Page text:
Last week I did a post on Freshstreet. Upon review, I think it did Kenny and Misako a disservice as it lumped their yakitori service at Double Happiness in with their takoyaki and Japanese crepe operation. After encountering the full Freshstreet Yakitori experience, I realize it is something that shouldn’t be condensed in a sentence or two; it deserves its own post.
As the name suggests, Double Happiness is an Asian-themed bar/club. Located in the Brewery District at 482 South Front Street, the establishment’s interior decor creates the perfect atmosphere for Freshstreet‘s yakitori service. Upon walking into the establishment, you’re greeted by red paper lanterns suspended from the ceiling and the welcoming aroma of wood charcoal and grilled meats emanating from within. Follow your nose and you’ll negotiate the length of the bar, which is decorated with Asian wall hangings interspersed with two large flat screen televisions (which, on the night of my visit, were playing Pee Wee’s Big Adventure and Wild at Heart—not a bad selection) and the usual suspects of top shelf and well bottles. You also may notice jars of soju (a Korean spirit made from barley and rice), infused with fruit (including mango, berry, watermelon, and lychee), on the shelves. As the bar ends, a grill area opens up and leads to double doors revealing a kitchen prep area in the back. In contrast to the confined workspace of the Mikey’s Late Night Slice shack (where they do takoyaki and Japanese crepe service during lunch), this extra space allows Kenny and Misako to work their magic, unencumbered. The daily menu items are listed on individual pieces of paper lining the wall above the grill; they are hand-written in both English and Japanese.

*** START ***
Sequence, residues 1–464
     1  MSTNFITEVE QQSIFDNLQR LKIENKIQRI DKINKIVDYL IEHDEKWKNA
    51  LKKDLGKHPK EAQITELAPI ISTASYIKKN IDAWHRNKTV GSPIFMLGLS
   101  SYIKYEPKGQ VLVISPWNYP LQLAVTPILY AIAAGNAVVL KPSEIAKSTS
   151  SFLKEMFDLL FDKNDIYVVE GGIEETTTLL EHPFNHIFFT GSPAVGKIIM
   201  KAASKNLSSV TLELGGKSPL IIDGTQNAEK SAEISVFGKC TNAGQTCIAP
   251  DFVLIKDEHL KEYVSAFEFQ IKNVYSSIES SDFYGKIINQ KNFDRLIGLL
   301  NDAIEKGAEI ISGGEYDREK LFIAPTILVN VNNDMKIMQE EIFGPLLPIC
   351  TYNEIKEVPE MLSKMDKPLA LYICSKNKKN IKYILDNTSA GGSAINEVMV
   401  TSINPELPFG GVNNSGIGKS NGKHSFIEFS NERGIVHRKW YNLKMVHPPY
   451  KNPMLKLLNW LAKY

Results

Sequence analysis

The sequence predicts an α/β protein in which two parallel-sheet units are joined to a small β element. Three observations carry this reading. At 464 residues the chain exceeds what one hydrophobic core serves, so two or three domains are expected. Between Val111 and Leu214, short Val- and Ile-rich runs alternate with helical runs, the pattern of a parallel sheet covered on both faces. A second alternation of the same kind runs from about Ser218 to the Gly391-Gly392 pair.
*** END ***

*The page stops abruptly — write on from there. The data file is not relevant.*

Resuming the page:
The description from my last post of Freshstreet Yakitori’s menu as “…a variety of grilled meats, seafood, and vegetables…” fell painfully short of giving an accurate representation of their offerings. What you will find is an assortment of meats, ranging from the commonplace (chicken wing, chicken thigh, beef short rib), to the more exotic (black pork tongue, beef heart, beef tongue), and everything in between (pork cheek, pork belly, panko-fried giant oyster, spicy tuna, chicken gizzard). All are grilled to perfection with a beautiful char on the outside, perfumed by oak charcoal and sealing the delicious meat within. Additionally, there are grilled vegetable options—zucchini and okra were on the menu when I visited, though the menu changes based on the owners’ whim as well as the availability of ingredients.
Kenny and Misako feature fresh seafood when it’s available. A few weeks ago they had a grilled scallop served on the shell. The night I visited, they had a giant clam sashimi. It was also served on the shell with a little minced daikon and a side of Meyer lemon soy gelee. The Meyer lemon provided just enough acid to cut the fishiness of the clam. It was amazingly simple and delicious. I also tried the clam ramen which had a sublime broth. It was served in a mug—the perfect vessel for finishing off the delicious broth once the noodles were gone. If you follow them on Twitter, Facebook, or their Tumblr page and happen to notice they’re featuring a seafood special, it would behoove you to take advantage of these special treats.
The open flame is one of the most primordial methods of cooking; grilled meat is an archetypical food found in cultures throughout the world: yakitori, satay, shish kabob, churrasco, barbecue. Done incorrectly and you’re left with dry, tough food that’s more of a chore than a pleasure to eat. But prepared by the hand of a skilled chef, the technique can yield sublime morsels of deliciousness. Using an approach based on Japanese yakitori, Kenny and Misako are turning out succulent grilled meat that will keep you coming back for more. And after all, who doesn’t like grilled meat on a stick?